Speaking of love interests, it’s funny how pointedly oblivious both brothers are to the fervent Internet shipping around Mako and Korra. Both of them have the understanding that Bolin’s the one who’s into the Avatar—when Bolin went missing, Mako’s first thought was “Ugh, he’s definitely on Air Temple Island trying to make out,” Bolin’s thanks-for-rescuing-me present to Korra is the utterly platonic rose-and-a-cupcake combo, and when Asami shows up, it’s clear that Korra isn’t even on Mako’s radar. We’ll see how that goes, but as of now the writers are dedicating very little energy to complicated love polygons.
But: Let’s talk about that flashback. After making her incredibly teenage challenge to Amon and getting schooled, spared, and knocked out, Korra has what appears to be her first connection with past Avatar incarnations. She flashes back to grown-up Sokka, grown-up Toph, and grown-up Aang (if this is the event from 42 years ago, the Aang Gang would be in their 40s) in what looks like a courtroom, with a saggy-eyed guy—Yako?—on the stand. Everybody looks very serious, then Bearded Aang looks really pissed and flies at the camera. It’s guaranteed that the brief flashes will get expanded, probably as the root of Amon’s Big Plan and why Korra was hidden away at the South Pole.
Looks like we’re going to see more of the Aang Gang after all, and I’m looking forward it. I've been enjoying the show as a standalone, but I’m not going to pretend it wasn’t awesome to see that Sokka grew up to look just like his dad.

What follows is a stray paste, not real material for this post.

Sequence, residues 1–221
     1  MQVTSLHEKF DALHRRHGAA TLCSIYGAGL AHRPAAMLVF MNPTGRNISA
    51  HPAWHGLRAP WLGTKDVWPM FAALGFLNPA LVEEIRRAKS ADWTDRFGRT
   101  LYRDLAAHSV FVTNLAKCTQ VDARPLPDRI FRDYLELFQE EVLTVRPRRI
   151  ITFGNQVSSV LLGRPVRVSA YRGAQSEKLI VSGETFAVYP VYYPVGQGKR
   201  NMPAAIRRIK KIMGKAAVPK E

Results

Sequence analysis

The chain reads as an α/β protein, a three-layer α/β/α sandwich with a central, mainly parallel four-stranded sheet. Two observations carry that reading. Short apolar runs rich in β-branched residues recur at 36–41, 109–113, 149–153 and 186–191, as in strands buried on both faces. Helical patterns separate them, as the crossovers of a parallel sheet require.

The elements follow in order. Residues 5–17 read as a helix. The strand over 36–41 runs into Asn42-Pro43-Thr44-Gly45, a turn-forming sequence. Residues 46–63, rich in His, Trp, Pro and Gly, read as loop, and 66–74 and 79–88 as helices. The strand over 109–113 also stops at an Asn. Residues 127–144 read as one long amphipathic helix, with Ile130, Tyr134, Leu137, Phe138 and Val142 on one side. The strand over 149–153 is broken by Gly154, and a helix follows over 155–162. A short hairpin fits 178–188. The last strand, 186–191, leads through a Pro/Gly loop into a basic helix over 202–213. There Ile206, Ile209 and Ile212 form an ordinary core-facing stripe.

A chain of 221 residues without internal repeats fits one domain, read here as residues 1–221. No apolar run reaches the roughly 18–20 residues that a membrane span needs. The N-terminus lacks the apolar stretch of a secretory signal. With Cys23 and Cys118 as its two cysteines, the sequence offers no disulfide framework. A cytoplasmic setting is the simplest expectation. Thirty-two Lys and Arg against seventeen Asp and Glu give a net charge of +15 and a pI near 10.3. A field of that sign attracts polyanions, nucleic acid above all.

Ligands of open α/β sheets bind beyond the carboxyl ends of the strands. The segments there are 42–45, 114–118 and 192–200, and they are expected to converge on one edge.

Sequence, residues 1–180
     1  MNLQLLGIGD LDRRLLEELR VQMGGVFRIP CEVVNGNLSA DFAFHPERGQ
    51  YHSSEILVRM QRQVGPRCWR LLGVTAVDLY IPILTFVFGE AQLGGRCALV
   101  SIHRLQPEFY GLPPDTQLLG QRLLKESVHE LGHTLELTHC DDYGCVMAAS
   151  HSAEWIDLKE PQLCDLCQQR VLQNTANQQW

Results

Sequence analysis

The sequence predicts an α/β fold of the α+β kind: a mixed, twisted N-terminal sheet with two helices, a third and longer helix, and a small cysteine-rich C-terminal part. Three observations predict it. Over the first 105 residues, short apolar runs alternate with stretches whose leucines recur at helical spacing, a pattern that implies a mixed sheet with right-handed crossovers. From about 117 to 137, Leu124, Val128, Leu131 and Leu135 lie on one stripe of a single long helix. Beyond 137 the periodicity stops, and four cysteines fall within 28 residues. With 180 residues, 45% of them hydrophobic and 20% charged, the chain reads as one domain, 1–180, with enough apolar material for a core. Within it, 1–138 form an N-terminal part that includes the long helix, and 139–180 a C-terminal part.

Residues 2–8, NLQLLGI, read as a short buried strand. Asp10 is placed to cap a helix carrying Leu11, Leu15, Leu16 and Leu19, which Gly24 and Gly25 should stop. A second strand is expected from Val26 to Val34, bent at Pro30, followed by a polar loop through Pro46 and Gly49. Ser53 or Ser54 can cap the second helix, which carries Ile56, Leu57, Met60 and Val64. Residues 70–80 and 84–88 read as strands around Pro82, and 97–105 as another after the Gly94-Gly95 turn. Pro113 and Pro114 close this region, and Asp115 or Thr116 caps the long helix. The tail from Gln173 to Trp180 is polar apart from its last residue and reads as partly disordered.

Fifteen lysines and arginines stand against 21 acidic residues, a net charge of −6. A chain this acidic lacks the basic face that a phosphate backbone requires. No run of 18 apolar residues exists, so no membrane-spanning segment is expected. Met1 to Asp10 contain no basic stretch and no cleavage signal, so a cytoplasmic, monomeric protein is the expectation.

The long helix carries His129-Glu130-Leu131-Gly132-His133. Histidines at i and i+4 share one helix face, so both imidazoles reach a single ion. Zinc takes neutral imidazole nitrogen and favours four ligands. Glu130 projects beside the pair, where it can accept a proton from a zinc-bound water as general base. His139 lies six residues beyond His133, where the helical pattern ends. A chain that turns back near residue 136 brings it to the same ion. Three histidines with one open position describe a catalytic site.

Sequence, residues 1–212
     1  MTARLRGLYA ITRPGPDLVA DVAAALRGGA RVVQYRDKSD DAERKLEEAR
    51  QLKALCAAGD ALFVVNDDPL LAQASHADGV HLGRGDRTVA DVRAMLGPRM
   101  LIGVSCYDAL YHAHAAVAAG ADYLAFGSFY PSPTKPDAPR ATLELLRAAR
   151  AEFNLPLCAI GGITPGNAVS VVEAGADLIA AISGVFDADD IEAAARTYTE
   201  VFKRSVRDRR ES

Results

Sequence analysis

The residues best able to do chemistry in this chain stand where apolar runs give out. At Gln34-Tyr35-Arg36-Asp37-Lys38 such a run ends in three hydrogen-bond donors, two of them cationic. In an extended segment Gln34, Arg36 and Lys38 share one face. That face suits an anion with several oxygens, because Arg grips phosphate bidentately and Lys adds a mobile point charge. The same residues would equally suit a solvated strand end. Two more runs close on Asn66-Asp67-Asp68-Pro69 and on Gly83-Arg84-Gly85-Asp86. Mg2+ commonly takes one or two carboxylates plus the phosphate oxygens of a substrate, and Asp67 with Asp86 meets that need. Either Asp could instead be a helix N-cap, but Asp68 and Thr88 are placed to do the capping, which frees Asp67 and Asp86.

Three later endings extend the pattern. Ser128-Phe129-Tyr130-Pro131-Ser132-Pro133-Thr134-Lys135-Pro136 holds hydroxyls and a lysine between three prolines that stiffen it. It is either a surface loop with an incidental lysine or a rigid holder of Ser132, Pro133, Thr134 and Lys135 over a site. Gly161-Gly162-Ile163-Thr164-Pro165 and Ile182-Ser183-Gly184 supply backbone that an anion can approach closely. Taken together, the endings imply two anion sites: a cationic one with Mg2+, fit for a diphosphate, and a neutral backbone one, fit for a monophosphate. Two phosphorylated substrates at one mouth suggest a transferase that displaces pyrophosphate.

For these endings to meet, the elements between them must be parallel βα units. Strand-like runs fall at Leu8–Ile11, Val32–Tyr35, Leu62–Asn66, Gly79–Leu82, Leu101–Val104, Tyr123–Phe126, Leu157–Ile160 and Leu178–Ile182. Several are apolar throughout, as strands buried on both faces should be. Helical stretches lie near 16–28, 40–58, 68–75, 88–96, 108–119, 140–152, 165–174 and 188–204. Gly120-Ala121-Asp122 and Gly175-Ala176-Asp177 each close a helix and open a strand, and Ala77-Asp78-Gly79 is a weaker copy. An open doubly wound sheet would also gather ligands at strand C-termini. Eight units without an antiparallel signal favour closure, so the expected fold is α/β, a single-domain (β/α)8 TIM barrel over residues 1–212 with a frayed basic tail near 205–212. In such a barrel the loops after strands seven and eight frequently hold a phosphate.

- One of the reporters at the press conference is definitely the same guy who narrates the opening newsreel, which is some fun continuity.
- That scarf is looking surprisingly good for Mako wearing it nonstop for ten years.
- The violence in Korra sure is a lot more… violent. Particularly in the raid on the chi-blocker gym, where a woman gets slammed into the wall with a giant slab of rock.
- It may just be coincidence, but the theme playing at the chi-blocker gym (I’m pretty sure it’s a leitmotif for the Equalists, I’ve heard it before) is the first five notes of the theme from the ’90s-era X-Men cartoon.
- Speaking of giant slabs of rock, it has to be really inconvenient to be an earthbender in a city if you care about property damage. Pull enough bricks and buildings are going to come down like Jenga towers, and yanking earth up from underground would undoubtedly screw up the sewage system. Maybe this is why all the cops metalbend.
- If Asami’s voice sounds familiar, actress Seychelle Gabriel played Princess Yue (subject of A:TLA’s greatest joke) in the tragic Shyamalan adaptation.
- Loving the sweet Buffy/Giles vibe between Korra and Tenzin. J.K. Simmons is great at doing warm, worried, and paternal.
- “MEELO, NO! THAT IS NOT A TOILET! Oh dear.”
- It would take a really long time to depower every bender in Republic City one by one.
- Discuss: Is Amon waiting to take Korra out until she’s finished her training? If Amon had taken Korra’s bending away, would a new Avatar be born, or would the world be stuck with a dud until she died?